Cranberry and Orange Curd Buttercream

I made buttercream by beating 250g softened butter and 250 icing sugar together well for a few minutes. Add about 4 tablespoons of the cranberry and orange buttercream curd. More can be added if needed.

Fill the cake centre with a layer of the cranberry and orange curd and a layer of the buttercream. Then thinly spread some of the buttercream around the top and sides of the cake, leaving some of the cake showing through giving a ‘naked’ effect.

I decorated the top of the cake with some fresh cranberries which had been covered for several hours in a layer of caster sugar to sweeten them a little.

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Chocolate Orange Cupcakes


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Chocolate Orange Cupcake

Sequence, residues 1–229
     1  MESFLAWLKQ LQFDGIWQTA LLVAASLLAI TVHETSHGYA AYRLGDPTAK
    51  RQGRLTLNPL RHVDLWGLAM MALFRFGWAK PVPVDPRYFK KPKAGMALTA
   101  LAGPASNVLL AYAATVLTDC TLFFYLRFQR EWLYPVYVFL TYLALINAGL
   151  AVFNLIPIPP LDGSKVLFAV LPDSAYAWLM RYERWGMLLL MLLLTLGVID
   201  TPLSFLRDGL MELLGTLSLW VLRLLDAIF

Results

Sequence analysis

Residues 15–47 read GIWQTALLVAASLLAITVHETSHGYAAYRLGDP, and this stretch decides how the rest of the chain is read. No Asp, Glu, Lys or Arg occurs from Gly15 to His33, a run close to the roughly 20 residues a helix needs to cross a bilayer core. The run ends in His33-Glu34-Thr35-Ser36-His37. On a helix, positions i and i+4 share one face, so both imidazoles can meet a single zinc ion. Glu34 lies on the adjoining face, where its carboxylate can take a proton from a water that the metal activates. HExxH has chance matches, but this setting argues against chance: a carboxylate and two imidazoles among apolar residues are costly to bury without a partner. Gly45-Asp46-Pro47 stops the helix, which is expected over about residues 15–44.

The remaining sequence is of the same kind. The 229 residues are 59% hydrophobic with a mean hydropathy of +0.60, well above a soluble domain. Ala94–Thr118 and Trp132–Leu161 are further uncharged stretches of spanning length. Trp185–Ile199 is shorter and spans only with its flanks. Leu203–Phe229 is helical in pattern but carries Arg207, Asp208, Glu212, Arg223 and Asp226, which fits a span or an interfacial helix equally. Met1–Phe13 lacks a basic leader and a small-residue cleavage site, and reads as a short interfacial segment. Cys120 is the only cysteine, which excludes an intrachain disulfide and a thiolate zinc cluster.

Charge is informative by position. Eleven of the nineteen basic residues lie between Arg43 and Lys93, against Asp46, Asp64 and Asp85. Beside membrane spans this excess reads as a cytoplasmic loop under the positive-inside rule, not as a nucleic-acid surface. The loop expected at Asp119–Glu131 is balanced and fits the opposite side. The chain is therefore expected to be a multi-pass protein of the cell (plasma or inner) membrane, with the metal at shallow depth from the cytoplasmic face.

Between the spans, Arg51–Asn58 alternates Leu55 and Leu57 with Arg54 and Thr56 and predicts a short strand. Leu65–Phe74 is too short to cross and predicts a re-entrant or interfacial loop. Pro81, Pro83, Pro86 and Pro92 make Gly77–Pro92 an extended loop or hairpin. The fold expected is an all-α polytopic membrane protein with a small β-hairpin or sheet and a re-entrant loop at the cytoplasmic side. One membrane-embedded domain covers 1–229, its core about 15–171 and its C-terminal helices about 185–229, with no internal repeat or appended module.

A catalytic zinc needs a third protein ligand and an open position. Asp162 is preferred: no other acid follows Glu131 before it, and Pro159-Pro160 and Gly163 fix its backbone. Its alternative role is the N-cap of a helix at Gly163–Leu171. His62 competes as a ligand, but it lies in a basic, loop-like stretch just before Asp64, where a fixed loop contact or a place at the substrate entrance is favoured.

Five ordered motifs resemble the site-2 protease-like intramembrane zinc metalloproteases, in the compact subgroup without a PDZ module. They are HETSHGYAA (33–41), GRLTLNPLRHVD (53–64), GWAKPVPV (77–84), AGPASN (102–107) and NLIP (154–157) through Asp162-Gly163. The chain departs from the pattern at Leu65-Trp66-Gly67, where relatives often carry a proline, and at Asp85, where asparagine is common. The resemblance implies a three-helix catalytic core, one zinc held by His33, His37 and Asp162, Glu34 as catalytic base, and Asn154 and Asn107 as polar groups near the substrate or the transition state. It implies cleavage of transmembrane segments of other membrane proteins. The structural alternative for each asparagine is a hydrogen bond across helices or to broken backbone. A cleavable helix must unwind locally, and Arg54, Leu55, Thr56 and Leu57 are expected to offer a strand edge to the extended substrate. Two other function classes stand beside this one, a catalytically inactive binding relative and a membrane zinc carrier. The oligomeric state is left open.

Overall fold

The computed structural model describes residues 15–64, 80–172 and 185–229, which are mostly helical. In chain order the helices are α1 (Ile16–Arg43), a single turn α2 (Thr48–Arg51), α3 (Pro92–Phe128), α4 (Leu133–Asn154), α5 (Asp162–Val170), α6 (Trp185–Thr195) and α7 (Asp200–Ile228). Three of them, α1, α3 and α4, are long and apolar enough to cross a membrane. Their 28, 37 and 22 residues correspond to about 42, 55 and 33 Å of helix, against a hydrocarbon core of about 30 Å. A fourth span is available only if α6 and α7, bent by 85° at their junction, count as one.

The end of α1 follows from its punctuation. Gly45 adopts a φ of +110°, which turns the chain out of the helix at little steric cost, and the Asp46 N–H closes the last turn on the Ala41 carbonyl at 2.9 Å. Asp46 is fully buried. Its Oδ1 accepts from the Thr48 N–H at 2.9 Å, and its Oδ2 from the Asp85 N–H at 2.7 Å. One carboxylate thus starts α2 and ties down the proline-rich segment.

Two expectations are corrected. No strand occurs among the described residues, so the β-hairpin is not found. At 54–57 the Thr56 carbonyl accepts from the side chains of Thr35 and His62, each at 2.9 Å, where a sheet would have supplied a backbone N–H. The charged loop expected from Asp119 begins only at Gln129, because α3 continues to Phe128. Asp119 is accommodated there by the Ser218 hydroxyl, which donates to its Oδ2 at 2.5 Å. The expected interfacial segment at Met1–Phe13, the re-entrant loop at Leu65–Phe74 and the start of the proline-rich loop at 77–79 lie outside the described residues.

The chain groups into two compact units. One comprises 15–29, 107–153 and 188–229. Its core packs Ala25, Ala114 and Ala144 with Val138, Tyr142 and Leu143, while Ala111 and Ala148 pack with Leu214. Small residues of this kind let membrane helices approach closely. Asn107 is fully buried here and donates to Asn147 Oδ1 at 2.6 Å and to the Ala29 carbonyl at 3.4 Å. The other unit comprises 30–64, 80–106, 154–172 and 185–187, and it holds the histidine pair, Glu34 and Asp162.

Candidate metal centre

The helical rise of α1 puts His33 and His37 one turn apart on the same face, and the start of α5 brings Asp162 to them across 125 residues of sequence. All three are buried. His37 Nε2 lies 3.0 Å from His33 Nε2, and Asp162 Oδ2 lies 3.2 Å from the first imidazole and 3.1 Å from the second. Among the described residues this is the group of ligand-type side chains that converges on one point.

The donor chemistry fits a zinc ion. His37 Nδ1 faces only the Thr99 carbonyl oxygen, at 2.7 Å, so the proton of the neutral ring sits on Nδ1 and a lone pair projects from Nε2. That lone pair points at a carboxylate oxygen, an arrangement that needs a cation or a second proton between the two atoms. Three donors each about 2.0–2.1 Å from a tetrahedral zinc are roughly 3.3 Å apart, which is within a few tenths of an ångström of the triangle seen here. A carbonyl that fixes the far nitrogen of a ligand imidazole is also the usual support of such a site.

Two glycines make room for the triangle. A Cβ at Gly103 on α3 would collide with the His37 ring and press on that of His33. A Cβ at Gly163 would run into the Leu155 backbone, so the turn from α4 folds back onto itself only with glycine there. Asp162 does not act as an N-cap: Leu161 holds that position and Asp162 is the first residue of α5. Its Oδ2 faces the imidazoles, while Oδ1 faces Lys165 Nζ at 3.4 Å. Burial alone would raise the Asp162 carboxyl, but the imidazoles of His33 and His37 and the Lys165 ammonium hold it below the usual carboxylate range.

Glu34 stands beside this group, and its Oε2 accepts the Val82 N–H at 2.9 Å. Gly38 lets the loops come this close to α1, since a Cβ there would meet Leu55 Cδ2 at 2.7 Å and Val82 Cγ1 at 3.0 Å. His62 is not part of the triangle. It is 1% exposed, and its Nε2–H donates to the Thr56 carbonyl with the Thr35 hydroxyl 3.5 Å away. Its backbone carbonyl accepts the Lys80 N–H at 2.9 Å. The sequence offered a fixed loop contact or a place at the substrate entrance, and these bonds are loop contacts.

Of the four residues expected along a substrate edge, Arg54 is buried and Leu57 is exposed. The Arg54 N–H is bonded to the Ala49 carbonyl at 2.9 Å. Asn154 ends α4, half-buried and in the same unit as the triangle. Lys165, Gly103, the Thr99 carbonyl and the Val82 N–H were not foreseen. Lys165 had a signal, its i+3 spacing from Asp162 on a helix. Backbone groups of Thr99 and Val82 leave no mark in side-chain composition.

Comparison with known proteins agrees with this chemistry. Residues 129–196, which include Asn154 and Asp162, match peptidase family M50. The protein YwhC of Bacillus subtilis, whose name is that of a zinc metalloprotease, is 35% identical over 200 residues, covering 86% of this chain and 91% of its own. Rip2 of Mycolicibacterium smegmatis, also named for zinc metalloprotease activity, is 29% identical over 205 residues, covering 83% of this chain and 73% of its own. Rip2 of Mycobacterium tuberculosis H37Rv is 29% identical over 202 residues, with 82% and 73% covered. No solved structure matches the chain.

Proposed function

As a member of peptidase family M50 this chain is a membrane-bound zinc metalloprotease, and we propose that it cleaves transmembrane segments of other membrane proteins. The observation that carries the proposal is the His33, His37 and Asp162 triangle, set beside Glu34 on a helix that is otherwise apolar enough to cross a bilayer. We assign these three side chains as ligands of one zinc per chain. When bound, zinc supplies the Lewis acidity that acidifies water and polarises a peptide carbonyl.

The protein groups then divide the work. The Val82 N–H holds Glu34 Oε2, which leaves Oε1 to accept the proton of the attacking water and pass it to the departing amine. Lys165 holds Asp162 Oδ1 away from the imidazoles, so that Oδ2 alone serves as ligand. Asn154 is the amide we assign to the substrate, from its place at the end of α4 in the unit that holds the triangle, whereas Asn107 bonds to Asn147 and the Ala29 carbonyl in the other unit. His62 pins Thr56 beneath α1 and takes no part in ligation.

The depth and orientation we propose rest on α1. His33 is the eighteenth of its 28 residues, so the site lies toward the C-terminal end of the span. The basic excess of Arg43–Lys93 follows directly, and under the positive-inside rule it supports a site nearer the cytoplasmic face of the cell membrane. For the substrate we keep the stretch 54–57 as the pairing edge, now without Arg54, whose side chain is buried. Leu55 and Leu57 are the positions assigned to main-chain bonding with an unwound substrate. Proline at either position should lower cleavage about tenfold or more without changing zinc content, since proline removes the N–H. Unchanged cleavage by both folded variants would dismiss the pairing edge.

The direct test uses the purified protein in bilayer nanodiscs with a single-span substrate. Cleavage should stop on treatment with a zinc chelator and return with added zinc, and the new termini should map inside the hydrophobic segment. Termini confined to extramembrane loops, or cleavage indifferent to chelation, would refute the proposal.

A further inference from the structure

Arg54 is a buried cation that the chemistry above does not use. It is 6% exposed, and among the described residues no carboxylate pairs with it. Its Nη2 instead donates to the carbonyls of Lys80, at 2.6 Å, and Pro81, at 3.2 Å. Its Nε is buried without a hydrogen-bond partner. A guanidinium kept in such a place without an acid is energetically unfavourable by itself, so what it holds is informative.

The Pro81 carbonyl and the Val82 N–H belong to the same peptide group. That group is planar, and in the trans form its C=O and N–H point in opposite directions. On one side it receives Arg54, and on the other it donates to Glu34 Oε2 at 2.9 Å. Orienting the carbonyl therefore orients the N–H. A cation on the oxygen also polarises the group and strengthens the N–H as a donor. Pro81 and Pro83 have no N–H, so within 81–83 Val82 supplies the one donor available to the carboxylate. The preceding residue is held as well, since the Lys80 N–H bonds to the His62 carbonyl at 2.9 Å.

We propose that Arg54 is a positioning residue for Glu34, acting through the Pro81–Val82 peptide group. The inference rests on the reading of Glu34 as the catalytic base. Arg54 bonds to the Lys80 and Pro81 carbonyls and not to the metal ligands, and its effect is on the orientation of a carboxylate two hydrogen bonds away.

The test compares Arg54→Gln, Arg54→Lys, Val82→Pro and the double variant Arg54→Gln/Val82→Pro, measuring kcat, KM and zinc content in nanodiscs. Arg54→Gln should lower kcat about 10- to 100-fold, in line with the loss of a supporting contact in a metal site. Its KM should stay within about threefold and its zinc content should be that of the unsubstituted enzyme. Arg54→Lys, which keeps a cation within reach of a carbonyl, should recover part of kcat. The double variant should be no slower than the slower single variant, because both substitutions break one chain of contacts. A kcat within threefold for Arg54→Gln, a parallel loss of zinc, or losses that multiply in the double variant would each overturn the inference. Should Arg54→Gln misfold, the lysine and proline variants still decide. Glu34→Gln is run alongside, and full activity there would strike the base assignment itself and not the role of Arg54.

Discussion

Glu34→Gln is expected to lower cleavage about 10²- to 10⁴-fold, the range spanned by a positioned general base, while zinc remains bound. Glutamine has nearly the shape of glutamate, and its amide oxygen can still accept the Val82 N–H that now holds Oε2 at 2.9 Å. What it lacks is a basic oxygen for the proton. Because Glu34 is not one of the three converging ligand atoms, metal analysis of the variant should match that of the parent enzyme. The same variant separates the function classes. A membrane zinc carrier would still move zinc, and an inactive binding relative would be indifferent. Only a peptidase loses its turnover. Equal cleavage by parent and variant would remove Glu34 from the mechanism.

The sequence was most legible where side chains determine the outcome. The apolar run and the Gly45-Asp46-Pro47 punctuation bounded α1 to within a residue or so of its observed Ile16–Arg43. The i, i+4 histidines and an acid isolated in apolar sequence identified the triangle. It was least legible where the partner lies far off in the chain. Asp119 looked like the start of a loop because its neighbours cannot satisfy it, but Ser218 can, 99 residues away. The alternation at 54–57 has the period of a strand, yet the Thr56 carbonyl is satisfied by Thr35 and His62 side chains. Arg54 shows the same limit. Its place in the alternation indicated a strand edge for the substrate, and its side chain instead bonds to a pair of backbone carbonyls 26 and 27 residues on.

There’s still time for some last minute Christmas baking! Along with the last of the mince pies I baked today, I’ve made some chocolate orange cupcakes. Chocolate is always popular at Christmas and these have a rich chocolate, almost truffle flavour. These can be frozen, fully decorated so are perfect to pop in the freezer for any unexpected guests over the festive season.

Ingredients for Chocolate Orange Cupcakes

100g Butter (softened)
110g Caster Sugar
3 Medium eggs
2 Tablespoons Milk
120g Self Raising Flour
2 Tablespoons Cocoa Powder
1 Teaspoon Baking Powder
Zest of 1 large Orange
25g Dark Chocolate (chopped into small pieces)

Ingredients for Rich Chocolate Orange Frosting

150g Dark Chocolate
2 Tablespoons Cocoa Powder
250g Icing Sugar
200g Butter (softened)
50g Vegetable Shortening (Trex)
1 Tablespoon Orange Juice
Plus 25g Dark Chocolate zested and sprinkled over the top of the completed cupcakes.

To make the cupcakes

Preheat the oven to 160c and place cupcake cases in a 12 hole cupcake or muffin pan.
Beat the softened butter and caster sugar together well.
Whisk the eggs together lightly with the milk.